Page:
Bears

NFL Draft: Bears have five of first 127 picks

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NFL Draft: Bears have five of first 127 picks

The Bears currently go on the clock with the 11th pick in the 2016 draft – not a position a franchise particularly wants to be in unless it’s traded up there, since you only earn that slot otherwise with a miserable season. But it’s a spot where elite and near-elite players live ( see Watt, J.J.; Marshall, Wilber; Cutler, Jay), which is a good thing for a team in need of a rookie-year difference-maker.

[RELATED - Why are Bears losing out in bids for offensive free agents?]

Not that No. 11 guarantees anything, of course. The Bears had No. 11 in 1994 and used it for pass rusher John Thierry when Larry Allen, Isaac Bruce and Aaron Glenn were still in the pool. They had No. 11 in 1997 and traded it to Seattle for Rick Mirer. And the Bears will have and will explore trade options this year like every year.

Whether the Bears move in round one or not, however, things get even a bit better as the draft goes on.

They hold nine total picks, including five in the first 127 selections by virtue of their trade of Martellus Bennett to New England that netted them a second pick in round four (where they landed Jeremy Langford, Ka’Deem Carey and Henry Melton in recent drafts).

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Their second-rounder is 10th in the round; their third is ninth; and the first of their fourth’s is eighth in that round, all by virtue of the rotation of the teams holding 6-10 records.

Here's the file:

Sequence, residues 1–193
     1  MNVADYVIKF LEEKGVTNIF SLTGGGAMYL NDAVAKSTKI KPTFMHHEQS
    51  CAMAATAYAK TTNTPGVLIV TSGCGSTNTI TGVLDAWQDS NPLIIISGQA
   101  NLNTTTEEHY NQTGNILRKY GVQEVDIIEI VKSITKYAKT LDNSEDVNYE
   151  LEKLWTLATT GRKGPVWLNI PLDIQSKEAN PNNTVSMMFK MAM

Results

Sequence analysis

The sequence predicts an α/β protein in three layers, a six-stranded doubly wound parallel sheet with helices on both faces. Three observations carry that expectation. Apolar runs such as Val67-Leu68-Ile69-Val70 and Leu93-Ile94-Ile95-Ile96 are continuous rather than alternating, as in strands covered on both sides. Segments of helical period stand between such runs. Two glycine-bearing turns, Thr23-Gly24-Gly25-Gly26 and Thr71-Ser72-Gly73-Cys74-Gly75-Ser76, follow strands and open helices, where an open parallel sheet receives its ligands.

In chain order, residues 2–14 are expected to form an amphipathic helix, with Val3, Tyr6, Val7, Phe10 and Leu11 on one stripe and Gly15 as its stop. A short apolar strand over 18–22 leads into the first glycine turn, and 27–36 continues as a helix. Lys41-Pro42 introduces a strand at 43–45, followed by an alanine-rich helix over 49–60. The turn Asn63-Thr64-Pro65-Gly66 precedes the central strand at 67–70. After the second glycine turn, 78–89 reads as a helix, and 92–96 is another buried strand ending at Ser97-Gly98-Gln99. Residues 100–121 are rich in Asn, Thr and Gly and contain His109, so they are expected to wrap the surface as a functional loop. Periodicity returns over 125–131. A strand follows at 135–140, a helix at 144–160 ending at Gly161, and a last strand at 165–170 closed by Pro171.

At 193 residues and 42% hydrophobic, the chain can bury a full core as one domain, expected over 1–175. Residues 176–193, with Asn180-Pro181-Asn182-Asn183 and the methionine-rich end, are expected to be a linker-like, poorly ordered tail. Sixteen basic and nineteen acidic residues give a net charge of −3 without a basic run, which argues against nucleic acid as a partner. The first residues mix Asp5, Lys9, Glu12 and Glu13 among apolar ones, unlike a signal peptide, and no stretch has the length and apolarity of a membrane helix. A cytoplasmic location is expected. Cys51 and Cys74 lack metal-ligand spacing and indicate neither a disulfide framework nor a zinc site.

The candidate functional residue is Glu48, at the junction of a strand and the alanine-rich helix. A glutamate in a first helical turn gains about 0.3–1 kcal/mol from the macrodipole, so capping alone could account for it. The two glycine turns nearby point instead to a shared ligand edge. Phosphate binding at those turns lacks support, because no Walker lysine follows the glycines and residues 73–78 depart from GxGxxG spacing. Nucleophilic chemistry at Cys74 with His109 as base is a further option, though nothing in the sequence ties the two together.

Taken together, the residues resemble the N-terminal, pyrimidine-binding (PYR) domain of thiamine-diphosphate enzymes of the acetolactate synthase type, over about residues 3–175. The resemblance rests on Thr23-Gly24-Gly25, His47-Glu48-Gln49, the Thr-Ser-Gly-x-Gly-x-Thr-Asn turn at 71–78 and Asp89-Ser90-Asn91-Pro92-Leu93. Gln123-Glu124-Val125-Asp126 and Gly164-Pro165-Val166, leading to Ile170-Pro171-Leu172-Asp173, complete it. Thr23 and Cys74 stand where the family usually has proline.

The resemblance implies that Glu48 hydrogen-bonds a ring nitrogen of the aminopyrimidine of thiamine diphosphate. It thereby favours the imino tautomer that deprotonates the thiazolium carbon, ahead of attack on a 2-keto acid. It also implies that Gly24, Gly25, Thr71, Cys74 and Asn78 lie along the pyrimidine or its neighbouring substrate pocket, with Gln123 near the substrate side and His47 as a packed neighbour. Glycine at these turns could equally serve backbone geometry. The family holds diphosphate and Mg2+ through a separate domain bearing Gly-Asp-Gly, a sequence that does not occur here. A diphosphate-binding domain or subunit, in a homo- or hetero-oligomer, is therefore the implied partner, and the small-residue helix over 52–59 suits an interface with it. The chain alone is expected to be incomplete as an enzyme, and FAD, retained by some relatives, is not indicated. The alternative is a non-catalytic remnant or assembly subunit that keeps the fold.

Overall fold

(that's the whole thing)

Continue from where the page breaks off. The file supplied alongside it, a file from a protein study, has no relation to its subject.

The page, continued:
Thomas Jones tweets plan to fix Bears' struggling offense

Thomas Jones tweets plan to fix Bears' struggling offense

It didn't take Thomas Jones long to become a fan-favorite during his tenure with the Bears, which spanned three seasons from 2004-2006.  Jones, who was the seventh overall pick in the 2000 NFL draft, resurrected his career in Chicago with back-to-back seasons over 1,200 rushing yards in 2005 and 2006.

So, when he speaks about how to improve the offense through the running game, coach Matt Nagy and the rest of Chicago's offensive staff should at least give it a listen.

Technically, Jones tweeted his plan to repair the Bears' struggling offense. But, the point remains.

"Nagy should learn the history of the Bears," Jones tweeted. "When they've won in the past it's because they ran the ball 1st! The fans & the makeup of the Bears is blue-collar. Hard-nosed, physical fundamental football. Limit turnovers, chew up the clock & let the defense get you the ball back.

"And where is their fullback? How can you run the ball in Chicago without a fullback in the game? When u have a fullback in the game the linebackers know they have to strap up their helmets. It's going to be a physical game & some of them don't want that. Can't make it easy for them."

To be fair, fullback is a nearly extinct position in the NFL. But Jones' suggestion runs deeper than that; the Bears need to at least appear like they want to run the ball in order to make the defense respect the threat of a running game.

"They NEVER try to establish the run which puts all of the pressure on a young QB who is still learning & trying to figure out who he's going to be in this league," Jones said. "The O line won't get into any rhythm if they don't run block enough & the defense can only hold up for so long."

According to Jones, Mitch Trubisky isn't ready to be the centerpiece of Chicago's offense just yet.

"Mitch is too young to have all of that pressure on him at once. He's talented but he's not ready yet. You have talented backs & an incredible defense. The O Line just needs to gain confidence run blocking in real-time. They have to establish a running game or things won't change."